4. 4)

    Research assistants: perform day to day study tasks including study visit scheduling, equipment shipping, intervention preparation and monitoring, and participant communication.

  5. 5)

    Study physician: review and approve medical clearance prior to participant enrollment as well as review adverse events.

The scientific director, the project coordinator, the recruitment coordinator, and research assistants communicate about the study on a daily basis. The project coordinator, recruitment coordinator, and research assistants meet weekly to go over project activities and study milestones.

Composition of the data monitoring committee, its role, and reporting structure {21a}

The study does not have a Data Monitoring Committee. The study investigator and scientific director (H-JY) will be responsible for monitoring the protocol fidelity, data collection, and data management processes throughout the study period. The study biostatistician (TM) will be responsible for overseeing data analysis and data sharing. The principal investigator (JR), along with all investigators, will be responsible for reporting and preparation of peer-reviewed manuscripts.

Adverse event reporting and harms {22}

The M2M study will monitor adverse events and report them based on four types defined by the Behavior Change Consortium of the National Institutes of Health [66,67,68]. The four types of AEs are (1) falls, (2) cardiovascular-related episodes, (3) musculoskeletal-related events, and (4) health care use. All adverse events will be assessed for severity and causality and will be reported to the Institutional Review Board and relevant regulatory bodies when necessary.

Frequency and plans for auditing trial conduct {23}

Not applicable, the study does not contain plans for auditing trial conduct.

Plans for communicating important protocol amendments to relevant parties (e.g., trial participants, ethical committees) {25}

The University of Alabama at Birmingham’s Institutional Review Board will be notified when deviations from the approved protocol occur, and the deviations will be fully documented using a problem report form. When important protocol amendments are necessary, the study team will notify and communicate with the program officer of the funding agency. Approvals from the program officer will be obtained prior to amending the protocols. Any amended protocols will be updated in the study’s ClinicalTrials.gov record (https://clinicaltrials.gov/ct2/show/NCT03797378).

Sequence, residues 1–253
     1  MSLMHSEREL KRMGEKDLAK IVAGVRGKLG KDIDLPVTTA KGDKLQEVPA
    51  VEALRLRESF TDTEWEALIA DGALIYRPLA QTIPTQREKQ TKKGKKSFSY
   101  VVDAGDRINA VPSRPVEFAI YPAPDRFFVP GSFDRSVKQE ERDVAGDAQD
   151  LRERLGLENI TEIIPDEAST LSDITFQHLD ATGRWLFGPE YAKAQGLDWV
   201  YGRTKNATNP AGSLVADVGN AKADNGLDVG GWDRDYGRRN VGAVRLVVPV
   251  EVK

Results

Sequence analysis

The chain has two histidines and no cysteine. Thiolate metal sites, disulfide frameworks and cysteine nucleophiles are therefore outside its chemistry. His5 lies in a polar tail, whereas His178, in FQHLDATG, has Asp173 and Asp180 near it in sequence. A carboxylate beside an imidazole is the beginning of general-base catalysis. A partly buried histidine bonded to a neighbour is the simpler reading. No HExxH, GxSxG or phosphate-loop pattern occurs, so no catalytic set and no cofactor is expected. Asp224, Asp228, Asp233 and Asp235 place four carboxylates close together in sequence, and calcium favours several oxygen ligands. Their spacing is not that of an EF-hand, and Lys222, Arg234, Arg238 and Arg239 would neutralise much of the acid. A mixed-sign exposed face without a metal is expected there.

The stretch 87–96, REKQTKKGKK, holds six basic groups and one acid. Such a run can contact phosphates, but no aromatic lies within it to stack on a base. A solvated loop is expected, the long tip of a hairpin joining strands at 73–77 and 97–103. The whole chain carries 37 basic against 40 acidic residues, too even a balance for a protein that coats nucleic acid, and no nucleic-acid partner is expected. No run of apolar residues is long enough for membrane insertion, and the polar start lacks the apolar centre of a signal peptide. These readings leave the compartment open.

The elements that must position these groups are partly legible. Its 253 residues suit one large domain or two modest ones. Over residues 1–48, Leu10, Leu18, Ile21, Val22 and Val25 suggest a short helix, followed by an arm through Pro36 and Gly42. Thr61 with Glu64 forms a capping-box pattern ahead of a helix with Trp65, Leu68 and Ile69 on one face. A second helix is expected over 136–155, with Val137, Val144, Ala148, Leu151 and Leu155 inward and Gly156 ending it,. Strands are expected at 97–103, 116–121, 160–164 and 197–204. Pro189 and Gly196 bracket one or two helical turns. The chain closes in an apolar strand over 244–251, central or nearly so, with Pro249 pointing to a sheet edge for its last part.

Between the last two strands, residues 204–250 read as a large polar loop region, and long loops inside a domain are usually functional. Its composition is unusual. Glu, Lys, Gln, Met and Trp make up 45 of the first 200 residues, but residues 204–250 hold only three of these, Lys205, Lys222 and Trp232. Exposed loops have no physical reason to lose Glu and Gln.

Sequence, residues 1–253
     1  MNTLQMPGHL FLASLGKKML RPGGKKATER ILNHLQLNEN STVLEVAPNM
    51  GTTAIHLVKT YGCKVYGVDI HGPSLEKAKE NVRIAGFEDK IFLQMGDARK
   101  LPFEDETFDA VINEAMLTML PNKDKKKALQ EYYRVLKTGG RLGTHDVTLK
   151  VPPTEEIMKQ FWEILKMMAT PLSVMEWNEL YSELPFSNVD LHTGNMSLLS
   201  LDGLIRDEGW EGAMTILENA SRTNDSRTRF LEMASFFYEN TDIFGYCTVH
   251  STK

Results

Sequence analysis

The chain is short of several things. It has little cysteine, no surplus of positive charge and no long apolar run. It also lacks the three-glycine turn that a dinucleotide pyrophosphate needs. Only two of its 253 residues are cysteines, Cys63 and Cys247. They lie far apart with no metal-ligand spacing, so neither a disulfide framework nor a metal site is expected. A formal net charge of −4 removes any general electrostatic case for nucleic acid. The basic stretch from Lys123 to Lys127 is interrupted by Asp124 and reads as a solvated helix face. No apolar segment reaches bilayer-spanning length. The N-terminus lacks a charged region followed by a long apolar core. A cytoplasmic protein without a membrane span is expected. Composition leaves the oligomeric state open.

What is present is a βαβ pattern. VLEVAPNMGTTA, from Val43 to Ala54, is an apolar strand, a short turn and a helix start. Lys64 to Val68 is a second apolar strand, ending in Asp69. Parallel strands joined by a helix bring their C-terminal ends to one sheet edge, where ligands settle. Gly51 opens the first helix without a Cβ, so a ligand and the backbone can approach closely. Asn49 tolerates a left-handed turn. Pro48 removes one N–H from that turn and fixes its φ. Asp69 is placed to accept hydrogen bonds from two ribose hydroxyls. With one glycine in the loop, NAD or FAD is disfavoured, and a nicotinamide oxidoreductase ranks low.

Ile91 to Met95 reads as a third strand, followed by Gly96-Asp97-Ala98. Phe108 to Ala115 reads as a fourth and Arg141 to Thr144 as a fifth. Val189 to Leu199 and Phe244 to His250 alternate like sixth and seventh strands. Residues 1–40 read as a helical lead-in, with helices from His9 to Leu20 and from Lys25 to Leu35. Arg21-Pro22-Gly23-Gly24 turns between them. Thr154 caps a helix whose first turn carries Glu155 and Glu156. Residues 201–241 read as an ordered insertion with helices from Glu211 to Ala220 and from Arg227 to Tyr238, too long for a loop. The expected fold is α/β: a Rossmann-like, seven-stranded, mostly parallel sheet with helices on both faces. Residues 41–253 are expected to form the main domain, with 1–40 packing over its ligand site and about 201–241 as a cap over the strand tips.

Dissemination plans {31a}

Findings from this study will be shared publicly and disseminated mainly by publications in peer-reviewed journals as well as conference presentations.

Discussion

Nearly one out of two people with disabilities (46%) in the USA is categorized as physically inactive [69]. In a 2014 Centers for Disease Control and Prevention report [70], less than 10% of people with physical disabilities performed aerobic exercise, one of the key markers for optimal health and prevention of chronic disease. The report noted that sedentary people with disabilities were three times more likely to report primary health conditions such as heart disease, stroke, diabetes, or cancer compared to active people with disabilities. People with disabilities need immediate resources that they can use to obtain regular exercise.

Being aware of the multiple barriers that many people with disabilities experience when trying to become physically active, there are important questions that this study will address. First, there are very few non-conventional exercise options for people with disabilities. The current study will examine a novel rhythmic exercise intervention that utilizes music to facilitate exercise and will provide evidence on efficacy of this alternative exercise programming. Second, the eM2M intervention is designed to include participants with different disabilities and similar functional mobility in a group class setting. The study will test whether a greater intervention effect can be obtained with participants with a more homogeneous range of physical function and will enhance our undestanding of effective design strategies of a home-based exercise intervention for people with disabilities. Third, many people with physical disabilities have difficulty getting to an exercise facility on a regular basis. This is due to factors including but not limited to long delays for transportation services and inaccessible exercise facilities. The M2M study is designed to be delivered completely online so that participants can complete the assessments and intervention in the comfort of their own home. Thus, the study will provide detailed documentation of such an intervention delivery mechanism and will be helpful for designing future studies involving people with disabilities.

Trial status